Patrick Abboud ’20 is looking at his world through new eyes this spring.
Jessica Johnson, visiting assistant professor of religious studies at William & Mary, has covered quite a bit in her two courses this spring: new religious movements in America and a new one — gender, sexuality and religion in America.
Dr. Joseph Blankholm of UC-Riverside spoke at W&M Feb 26th. Being secular does not always mean being nonreligious. Deconverting from Judaism, for instance, does not simply unmark a person as Jewish, which remains a cultural or ethnic identity even after rejecting religion. Like secular Jews, ex-Muslims face unique challenges, and being betwixt and between is awkward. These secular misfits are creating new and important ways of being secular and religious that are not properly either. Bursting the seams of these categories, they help us see clearly their construction.
Merging the grueling physical and competitive aspects of sports with their religious faith makes athletics the perfect arena in some respects for evangelical Christians, contends William & Mary Associate Professor of Religious Studies Annie Blazer.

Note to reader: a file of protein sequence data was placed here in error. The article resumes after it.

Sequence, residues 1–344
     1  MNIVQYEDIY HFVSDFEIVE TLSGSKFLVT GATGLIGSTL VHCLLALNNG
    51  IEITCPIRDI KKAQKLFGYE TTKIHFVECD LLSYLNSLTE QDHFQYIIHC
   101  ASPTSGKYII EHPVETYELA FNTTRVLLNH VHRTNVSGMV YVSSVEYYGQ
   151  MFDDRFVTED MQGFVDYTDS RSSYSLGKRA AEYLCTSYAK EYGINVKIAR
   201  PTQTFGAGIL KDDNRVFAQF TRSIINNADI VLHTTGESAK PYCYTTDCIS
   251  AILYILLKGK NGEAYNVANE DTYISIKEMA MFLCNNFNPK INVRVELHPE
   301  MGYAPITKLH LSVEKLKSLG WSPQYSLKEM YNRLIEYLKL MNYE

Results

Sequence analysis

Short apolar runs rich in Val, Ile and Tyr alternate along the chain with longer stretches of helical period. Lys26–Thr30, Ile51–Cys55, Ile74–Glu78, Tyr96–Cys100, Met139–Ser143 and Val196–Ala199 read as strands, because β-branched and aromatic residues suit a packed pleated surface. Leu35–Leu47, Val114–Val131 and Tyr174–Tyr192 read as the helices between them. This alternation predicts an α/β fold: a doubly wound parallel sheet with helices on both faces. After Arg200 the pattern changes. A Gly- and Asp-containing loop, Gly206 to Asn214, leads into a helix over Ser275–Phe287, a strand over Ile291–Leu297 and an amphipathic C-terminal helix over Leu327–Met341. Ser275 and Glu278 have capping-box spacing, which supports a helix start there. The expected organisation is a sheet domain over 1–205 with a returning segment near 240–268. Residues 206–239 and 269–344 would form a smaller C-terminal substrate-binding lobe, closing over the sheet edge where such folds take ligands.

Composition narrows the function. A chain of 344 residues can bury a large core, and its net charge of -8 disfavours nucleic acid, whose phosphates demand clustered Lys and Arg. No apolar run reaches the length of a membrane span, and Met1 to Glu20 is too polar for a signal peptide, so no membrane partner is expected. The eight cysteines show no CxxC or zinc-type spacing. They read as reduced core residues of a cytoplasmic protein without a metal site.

Professor Jenkins spoke at the Religious Studies brown bag lecture series about her ethnographic research, exploring the experiences of parents and young adult children who walk the Camino de Santiago in northwest Spain. She shared stories of families who invest in the Camino as a practice for building intimacy.
David Gushee, Distinguished University Professor of Christian Ethics and Director of the Center for Theology and Public Life at Mercer University, gave a lecture drawing from material in his recent book, Moral Leadership for a Divided Age.
An introduction to Visiting Assistant Professor Semiha Topal
Profile of Visiting Assistant Professor Jessica Johnson